Overview of Blaine's Whipple Research Project


of Blaine's Whipple Research Project

By Blaine Whipple, June 15, 1997

Webmaster's note: Blaine passed away January 3, 2015, in Portland, Oregon. This article has been modified to reflect that event. During the time between 1997 and his death, Blaine's planned history of the Whipple family expanded to three separate publications:
  1. History and Genealogy of "Elder" John Whipple of Ipswich, Massachusetts: His English Ancestors and American Descendants. Victoria, B.C.: Trafford, 2004. ISBN: 155395676-1.ISBN: 155395676-1.
  2. 15 Generations of Whipples: Descendants of Matthew Whipple of Ipswich, Massachusetts, Abt 1590-1647: An American Story. Baltimore, MD: Gateway Press, 2007. ISBN: 978-0-9801022-4-6 (4-volume set).
  3. Blaine "handed off" the third publication, about Captain John Whipple of Providence, R.I., to Charles M. Whipple, Jr., who published it as A History of Captain John and Sarah Whipple of Dorchester, Massachusetts and Providence, Rhode Island : A Multigenerational Study of the First Whipple Family in America. Victoria, B.C.: Trafford, 2007.



My planned book on the history of the Whipple family is about the life and times of three Whipple families who left England for an unknown wilderness across an uncharted sea.

Was Henri De V. Hipple the First Whipple?

Some authors1,2 claim, without documentation, that the Whipple family originated with Henri De V. Hipple, a gentleman of Normandy of the Vale de Suere (or Vale de Suede), who was knighted on the battle field of Agincourt (1415) and given the motto "Fidele et Brave" and granted the manorial estates of Wraxall, and that the name was anglicized into Whipple in the time of Henry VII (1485-1509).

William Hodges, assistant librarian of England's Bodelian Library, responded that he could find no confirming records. The "ancient" library in Birmingham, England, is supposedly the repository of manuscripts by Dougdale and Thorpe (source of the De V. Hipple information) and an account of the aristocratic colonial families compiled by G.P.R. James while he was British Consul at Norfolk, VA. The history of the Virginia branch of the Whipple family is said to have begun at the time of William the Conqueror, and continued to the time of Col. John Whipple of the Prince Rupert's Division of the Cavaliers who emigrated to Virginia in 1662. The Birmingham library’s holdings are unavailable through interlibrary loan. I was unaware of their existence while in England, so am unable to confirm their existence. If any readers have access to Birmingham's ancient library (and the Dougdale and Thorpe manuscripts and G.P.R. James account), I would appreciate receiving copies from you.

The claim that the name was anglicized in the time of Henry VII is doubtful, as there are records which show the Whipple name (with various spellings) in 1385, 1408, 1446, 1450, 1453 1486, 1489, and 14963.

Whipples in the New World in 1638

Documents indicate that at least four Whipples were in the New World by 1638.

1. John Whipple of Dorchester, Mass. (Later Providence, R.I.)

John Whipple (hereafter referred to as young John) left England in 1632, age estimated to be between 14 and 16, and settled in Dorchester, Massachusetts. Previous authors have identified his place of nativity as both Bocking, Essex county, England and Milford, Wales. The Gazetteer of Great Britain and Ireland4 lists 13 Milfords:

  • Three in Ireland, in
    1. county Cork
    2. county Armagh
    3. county Carlow
  • Nine in England, in
    1. Yorks
    2. S.W. Hampshire
    3. S.W. Surrey
    4. mid Derbyshire
    5. S.E. Wiltshire
    6. west Staffordshire
    7. north Shropshire
    8. north Devon
    9. north Devon (second place named Milford)
  • One in the Welsh county of Pembroke at the parish of Huberston and Steynton. (Its earliest parish registers begin in 1637, eliminating almost all chances of finding a John Whipple there in 1617).

No evidence has been found confirming young John Whipple was born in either Wales or Bocking.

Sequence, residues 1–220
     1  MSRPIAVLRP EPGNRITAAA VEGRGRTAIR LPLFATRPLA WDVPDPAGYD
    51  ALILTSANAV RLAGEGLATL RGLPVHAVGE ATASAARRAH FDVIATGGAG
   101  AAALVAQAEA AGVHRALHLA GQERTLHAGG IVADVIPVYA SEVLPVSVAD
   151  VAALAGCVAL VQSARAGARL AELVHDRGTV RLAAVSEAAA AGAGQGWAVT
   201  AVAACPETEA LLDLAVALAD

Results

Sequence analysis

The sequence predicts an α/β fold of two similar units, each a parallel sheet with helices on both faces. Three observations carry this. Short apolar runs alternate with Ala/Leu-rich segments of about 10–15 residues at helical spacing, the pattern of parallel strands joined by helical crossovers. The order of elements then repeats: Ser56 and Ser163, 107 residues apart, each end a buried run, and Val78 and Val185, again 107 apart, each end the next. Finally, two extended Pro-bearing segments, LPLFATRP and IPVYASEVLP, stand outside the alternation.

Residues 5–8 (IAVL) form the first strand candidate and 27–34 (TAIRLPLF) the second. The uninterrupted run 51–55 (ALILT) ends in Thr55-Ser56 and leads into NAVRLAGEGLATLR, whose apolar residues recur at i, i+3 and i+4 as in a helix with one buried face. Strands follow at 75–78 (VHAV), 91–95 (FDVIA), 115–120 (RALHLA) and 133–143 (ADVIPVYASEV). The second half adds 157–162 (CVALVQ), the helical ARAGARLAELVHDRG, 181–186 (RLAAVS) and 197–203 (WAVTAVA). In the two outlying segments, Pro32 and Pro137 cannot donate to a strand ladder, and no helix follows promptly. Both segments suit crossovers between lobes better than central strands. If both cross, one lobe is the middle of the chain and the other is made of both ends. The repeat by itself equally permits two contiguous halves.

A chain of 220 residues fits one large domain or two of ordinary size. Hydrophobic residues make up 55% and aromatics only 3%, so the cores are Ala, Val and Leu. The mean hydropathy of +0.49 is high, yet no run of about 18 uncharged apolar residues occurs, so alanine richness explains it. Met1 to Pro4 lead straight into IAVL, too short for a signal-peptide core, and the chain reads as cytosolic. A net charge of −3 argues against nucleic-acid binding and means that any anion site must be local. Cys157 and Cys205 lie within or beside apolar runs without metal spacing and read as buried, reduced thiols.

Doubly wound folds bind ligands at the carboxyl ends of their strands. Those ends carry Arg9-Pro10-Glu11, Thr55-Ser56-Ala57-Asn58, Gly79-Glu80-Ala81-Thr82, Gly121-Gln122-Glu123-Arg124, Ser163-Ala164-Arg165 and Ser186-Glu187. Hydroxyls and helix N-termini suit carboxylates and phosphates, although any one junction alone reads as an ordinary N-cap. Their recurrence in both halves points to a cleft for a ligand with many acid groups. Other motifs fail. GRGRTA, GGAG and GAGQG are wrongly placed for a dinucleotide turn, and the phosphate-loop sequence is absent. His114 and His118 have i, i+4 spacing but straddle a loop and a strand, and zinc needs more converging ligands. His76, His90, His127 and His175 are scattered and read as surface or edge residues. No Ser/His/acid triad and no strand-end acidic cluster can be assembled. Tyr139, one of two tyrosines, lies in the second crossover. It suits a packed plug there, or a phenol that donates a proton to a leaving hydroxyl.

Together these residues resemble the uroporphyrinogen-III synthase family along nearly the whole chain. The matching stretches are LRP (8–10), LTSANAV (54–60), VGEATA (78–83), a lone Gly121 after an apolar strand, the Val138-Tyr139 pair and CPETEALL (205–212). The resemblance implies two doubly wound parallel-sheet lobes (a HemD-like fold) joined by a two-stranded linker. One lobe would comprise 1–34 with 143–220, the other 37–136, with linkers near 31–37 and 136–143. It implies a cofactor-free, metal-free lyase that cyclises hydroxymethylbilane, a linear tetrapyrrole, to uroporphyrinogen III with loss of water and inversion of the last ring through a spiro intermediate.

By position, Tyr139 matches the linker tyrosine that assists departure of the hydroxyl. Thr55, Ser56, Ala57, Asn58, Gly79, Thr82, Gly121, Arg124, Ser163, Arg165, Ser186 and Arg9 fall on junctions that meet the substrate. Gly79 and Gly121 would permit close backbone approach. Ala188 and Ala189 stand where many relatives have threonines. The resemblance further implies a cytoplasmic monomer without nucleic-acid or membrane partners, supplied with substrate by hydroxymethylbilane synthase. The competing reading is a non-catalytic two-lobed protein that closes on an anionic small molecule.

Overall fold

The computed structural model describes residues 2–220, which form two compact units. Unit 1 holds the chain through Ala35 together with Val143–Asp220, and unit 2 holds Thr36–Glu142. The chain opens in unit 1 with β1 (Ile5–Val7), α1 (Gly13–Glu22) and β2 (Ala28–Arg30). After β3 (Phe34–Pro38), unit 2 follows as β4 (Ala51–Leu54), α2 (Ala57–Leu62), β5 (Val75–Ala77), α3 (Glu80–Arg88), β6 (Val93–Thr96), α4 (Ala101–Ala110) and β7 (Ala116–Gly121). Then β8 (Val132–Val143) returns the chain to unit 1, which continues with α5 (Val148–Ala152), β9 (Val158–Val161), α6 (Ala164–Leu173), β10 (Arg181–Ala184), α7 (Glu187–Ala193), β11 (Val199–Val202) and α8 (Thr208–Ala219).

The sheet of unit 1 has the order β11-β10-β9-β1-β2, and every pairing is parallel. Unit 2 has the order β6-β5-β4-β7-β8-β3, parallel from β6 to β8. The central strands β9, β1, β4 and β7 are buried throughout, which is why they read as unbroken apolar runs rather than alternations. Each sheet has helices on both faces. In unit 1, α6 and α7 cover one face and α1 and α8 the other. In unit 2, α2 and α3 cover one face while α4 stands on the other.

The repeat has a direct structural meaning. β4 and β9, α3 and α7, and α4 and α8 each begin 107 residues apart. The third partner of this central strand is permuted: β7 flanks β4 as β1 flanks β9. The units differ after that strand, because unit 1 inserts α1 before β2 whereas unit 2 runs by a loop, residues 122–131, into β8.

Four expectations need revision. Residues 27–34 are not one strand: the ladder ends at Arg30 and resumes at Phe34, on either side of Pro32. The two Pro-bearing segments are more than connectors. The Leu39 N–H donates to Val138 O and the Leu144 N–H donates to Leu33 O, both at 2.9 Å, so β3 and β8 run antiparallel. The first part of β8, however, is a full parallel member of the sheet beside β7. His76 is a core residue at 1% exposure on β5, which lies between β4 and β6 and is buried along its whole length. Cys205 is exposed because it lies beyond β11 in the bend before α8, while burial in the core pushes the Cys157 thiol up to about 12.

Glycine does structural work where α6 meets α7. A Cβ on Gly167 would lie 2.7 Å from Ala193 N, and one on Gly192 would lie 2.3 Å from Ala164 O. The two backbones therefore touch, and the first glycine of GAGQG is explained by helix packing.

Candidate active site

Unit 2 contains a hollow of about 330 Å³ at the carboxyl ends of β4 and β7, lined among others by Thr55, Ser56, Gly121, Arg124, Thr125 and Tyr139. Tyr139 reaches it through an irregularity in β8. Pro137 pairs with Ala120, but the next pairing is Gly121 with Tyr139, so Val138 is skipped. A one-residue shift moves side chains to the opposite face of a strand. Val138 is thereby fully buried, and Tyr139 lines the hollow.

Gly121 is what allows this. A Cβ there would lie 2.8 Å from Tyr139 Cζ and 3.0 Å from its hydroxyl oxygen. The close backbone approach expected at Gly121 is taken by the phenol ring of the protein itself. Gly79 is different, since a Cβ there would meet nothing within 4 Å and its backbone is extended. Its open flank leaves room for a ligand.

2,3. Brothers Matthew and John Whipple of Bocking

Brothers Matthew and John Whipple of Bocking settled in Ipswich Massachusetts in 1638.

4. Paul Whipple of Providence Island

Paul Whipple, a gunner, became a planter on Providence Island in the West Indies in April 16385. Providence Island, off the eastern coast of Nicaragua, was first visited by the English before 1625 and became a privateering center against Spanish ships and possessions. The colony existed until 1641. Its first English planters were from localities where the Puritan influence was strong, especially from Essex, Northants, and Oxfordshire. Fear of the Spanish inspired Providence to build 14 forts. No ship or boat could approach without being under its guns. Gunners like Paul Whipple were enticed to immigrate with the promise of land and a salary of up to £40 annually. In 1641, Spain landed a force of 2,000, defeated the English, and sent four-hundred prisoners to captivity in Spain. Nothing further is known about Paul Whipple. He was probably killed or captured and sent to Spain.

John Whipple and the Ship Lyon

Charles Edward Banks6 says that John Whipple (hereafter referred to as young John) arrived in Boston 16 September 1632 on the Lyon, a ship commanded by Captain William Pierce. They sailed from London on 22 June and were out of sight of land for eight of their twelve week journey. Many of the 123 passengers were from the Essex villages of Bocking, Braintree, Fairstead, Halstead, Hatfield, and Nazing. Banks writes that John was from Bocking.

Winifred Ashwell7 states that both Matthew and John Whipple were passengers, as does a brochure titled "The American Connection with Braintree District."8 So does Roger Thompson, university reader in American colonial history at the University of East Anglia, Norwich, England.9 He identified John Whipple as a carpenter.

The Ipswich Whipples Are from Bocking

The Matthew and John Whipple who settled in Ipswich, MA, were undoubtedly natives of Bocking. The author visited St. Mary's church in Bocking and found them in its parish records. He acquired a copy of Matthew Whipple's will, proved in 1619, at a record office in London. It states that the family lived on Bradford Street in Bocking and identifies Matthew, Jr. and John as his sons.

Holman and Marvin3 and Banks10 also place Matthew and John in Bocking. That brothers Matthew and John did not leave England until 1638 is further confirmed by the parish records that show that Matthew's sons, John (later known as Lieut. John) and Matthew, were born in Bocking in September 1632 and ca. 1635; and that four of John's children were baptized there between October 1631 and February 1637/8 (William 2 October 1631; Ann 2 June 1633; Judith 4 August 1635; Matthew 7 February 1637/38).